# Why is a one-to-one linear map from a finite-dimensional vector space to itself onto?

I'm aware that the rank-nullity theorem states that $\dim V = \operatorname{dim null}(T) + \operatorname{dim range}(T)$, but I'm unable to see how I can apply the theorem to get that a one-to-one linear map from a finite-dimensional vector space to itself is onto.

• $T$ is one-to-one iff $null(T)=\left\{0\right\}$, which is $0$-dimensional. What is $\dim(range(T))$? Aug 6, 2018 at 3:57
• dim(range(T)) should be the dimension of the vector space, correct?
– K.M
Aug 6, 2018 at 3:59
• Yes. Then what happens if $W\subseteq V$ and $\dim W=\dim V$? Aug 6, 2018 at 4:00
• Then $W$ = $V$?
– K.M
Aug 6, 2018 at 4:01
• Yes. You need to think of dimension as a sort of size'' of a space. An analogy would be the following: If a subset $X$ of a finite set $Y$ has the same number of elements as $Y$, then $X=Y$. Aug 6, 2018 at 4:07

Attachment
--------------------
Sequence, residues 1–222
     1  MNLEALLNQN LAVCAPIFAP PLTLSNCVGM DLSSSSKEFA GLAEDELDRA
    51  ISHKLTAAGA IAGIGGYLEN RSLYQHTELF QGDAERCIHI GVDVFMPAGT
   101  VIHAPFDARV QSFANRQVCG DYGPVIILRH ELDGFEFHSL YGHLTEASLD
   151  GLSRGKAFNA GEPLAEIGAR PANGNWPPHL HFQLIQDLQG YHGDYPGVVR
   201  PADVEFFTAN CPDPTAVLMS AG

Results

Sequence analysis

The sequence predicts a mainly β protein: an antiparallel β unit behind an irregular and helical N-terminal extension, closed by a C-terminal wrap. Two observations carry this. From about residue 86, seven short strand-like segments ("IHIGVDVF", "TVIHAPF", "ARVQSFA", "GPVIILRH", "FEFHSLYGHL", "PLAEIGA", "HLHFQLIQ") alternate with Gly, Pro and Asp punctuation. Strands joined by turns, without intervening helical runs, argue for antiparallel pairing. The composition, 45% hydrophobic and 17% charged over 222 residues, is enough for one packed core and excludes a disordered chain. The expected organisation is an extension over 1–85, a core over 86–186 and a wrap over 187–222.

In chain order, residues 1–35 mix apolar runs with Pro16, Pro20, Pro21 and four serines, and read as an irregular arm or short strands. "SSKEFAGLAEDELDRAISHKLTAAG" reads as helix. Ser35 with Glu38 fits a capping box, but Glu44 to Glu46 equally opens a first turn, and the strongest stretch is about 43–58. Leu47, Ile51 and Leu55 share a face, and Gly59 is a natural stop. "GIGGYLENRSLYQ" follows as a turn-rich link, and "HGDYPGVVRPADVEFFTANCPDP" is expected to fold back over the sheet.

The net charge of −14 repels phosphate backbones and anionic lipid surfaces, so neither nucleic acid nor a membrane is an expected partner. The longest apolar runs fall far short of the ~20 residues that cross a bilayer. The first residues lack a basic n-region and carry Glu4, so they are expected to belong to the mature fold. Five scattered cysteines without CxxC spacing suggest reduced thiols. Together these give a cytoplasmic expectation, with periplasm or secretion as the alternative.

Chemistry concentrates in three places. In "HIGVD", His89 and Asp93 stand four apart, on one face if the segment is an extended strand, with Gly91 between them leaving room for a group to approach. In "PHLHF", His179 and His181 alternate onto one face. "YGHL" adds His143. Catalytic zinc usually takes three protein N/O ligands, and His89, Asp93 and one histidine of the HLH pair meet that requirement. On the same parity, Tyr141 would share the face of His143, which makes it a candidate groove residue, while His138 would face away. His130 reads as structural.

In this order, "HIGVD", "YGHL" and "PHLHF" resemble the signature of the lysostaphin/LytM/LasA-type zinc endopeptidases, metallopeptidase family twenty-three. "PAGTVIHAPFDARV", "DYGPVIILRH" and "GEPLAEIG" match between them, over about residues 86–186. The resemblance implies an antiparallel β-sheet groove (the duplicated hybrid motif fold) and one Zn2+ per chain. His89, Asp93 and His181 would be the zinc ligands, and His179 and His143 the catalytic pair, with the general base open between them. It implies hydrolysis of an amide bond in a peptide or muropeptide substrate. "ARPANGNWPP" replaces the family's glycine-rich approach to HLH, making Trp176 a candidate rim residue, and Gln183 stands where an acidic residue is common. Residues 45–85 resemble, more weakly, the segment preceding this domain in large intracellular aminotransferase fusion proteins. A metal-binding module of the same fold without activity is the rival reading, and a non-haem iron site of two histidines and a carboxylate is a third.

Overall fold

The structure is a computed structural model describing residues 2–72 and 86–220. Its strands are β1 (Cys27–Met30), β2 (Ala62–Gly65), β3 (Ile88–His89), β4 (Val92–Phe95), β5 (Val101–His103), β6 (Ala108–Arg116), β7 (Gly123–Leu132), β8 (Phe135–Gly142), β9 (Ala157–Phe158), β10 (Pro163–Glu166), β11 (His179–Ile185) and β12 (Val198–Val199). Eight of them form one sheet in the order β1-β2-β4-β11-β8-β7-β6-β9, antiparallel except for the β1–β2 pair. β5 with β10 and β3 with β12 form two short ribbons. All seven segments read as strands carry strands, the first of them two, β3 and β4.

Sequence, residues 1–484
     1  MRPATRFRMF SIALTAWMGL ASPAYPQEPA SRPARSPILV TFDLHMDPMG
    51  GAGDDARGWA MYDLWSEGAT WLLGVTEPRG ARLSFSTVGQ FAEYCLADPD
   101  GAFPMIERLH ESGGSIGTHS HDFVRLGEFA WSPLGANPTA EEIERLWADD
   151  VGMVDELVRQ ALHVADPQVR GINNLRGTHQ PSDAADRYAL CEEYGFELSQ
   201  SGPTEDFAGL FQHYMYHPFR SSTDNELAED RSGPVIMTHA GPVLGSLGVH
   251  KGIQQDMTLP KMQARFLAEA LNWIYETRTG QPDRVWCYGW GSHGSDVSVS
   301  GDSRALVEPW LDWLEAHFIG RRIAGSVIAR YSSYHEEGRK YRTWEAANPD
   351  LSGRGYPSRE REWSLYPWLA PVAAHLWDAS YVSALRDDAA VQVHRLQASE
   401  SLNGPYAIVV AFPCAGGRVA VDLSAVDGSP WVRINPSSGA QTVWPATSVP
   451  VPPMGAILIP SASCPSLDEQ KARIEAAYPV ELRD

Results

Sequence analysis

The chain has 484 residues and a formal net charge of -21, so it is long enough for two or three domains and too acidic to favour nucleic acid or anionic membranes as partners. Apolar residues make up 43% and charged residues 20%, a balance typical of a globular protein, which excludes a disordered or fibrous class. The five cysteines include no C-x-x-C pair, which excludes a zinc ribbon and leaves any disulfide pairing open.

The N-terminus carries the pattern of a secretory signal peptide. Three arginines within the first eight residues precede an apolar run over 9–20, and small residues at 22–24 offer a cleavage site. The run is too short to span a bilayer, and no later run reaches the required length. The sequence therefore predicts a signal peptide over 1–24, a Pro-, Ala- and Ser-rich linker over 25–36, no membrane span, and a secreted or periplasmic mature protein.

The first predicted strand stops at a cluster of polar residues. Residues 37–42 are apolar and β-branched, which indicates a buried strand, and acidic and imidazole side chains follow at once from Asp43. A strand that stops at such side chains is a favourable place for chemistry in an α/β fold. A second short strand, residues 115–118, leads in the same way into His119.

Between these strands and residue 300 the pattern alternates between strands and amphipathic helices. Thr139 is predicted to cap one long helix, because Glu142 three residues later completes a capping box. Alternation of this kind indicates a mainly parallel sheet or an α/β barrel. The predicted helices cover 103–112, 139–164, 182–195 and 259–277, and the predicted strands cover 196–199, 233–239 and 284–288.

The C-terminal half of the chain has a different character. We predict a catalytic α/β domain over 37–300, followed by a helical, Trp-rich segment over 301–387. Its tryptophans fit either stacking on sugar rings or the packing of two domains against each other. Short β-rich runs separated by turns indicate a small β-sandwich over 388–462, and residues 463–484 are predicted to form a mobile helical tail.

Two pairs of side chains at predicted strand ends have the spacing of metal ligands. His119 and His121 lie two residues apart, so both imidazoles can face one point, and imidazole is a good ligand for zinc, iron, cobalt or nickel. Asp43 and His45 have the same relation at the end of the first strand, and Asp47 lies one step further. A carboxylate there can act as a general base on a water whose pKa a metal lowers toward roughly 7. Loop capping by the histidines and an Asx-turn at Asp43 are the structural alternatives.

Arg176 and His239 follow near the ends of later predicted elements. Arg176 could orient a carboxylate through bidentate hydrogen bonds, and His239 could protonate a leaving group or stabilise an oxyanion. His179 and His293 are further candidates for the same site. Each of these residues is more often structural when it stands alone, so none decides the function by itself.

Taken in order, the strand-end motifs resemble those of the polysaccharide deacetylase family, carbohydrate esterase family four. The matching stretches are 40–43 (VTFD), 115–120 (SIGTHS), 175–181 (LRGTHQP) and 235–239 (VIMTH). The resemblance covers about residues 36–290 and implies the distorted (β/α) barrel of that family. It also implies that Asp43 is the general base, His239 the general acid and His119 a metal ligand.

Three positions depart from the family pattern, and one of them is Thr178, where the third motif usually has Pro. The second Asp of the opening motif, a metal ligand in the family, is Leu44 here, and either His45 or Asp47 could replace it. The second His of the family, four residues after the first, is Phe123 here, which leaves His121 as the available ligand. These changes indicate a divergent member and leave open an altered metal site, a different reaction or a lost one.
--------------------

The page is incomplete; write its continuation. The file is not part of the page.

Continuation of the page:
The range of $T$ is a subspace of the finite dimensional space $V$. It equals $V$ if and only if it has the same dimension as $V$. According to the rank-nullity theorem, it has the same dimension as $V$ if and only if the kernel of $T$ has dimension $0$, that is is $0$.

Hence, you may see the following equivalence thanks to the rank-nullity theorem:

A linear map from a finite-dimensional vector space to itself is onto in and only if it is injective (and so if and only if it is an isomorphism).

• I was wondering what is meant by "into"?
– K.M
Aug 6, 2018 at 4:05
• I meant injective, the property that to any element in the image corresponds only one preimage. (English is not my main language - I may edit my answer to make it clearer). Aug 6, 2018 at 4:10

Suppose $f$ is not onto then there must exist a vector $x$ in $V$ having no pre-image in $V$, so $\vert f(V)\vert <\vert V\vert$. It suggests that there must exist distinct $x_1$, $x_2\in V$ s.t. $f(x_1)=f(x_2)$ i.e. $f$ is not one-one ($\mathbb\ contradiction$).

Hence $f$ is onto as well.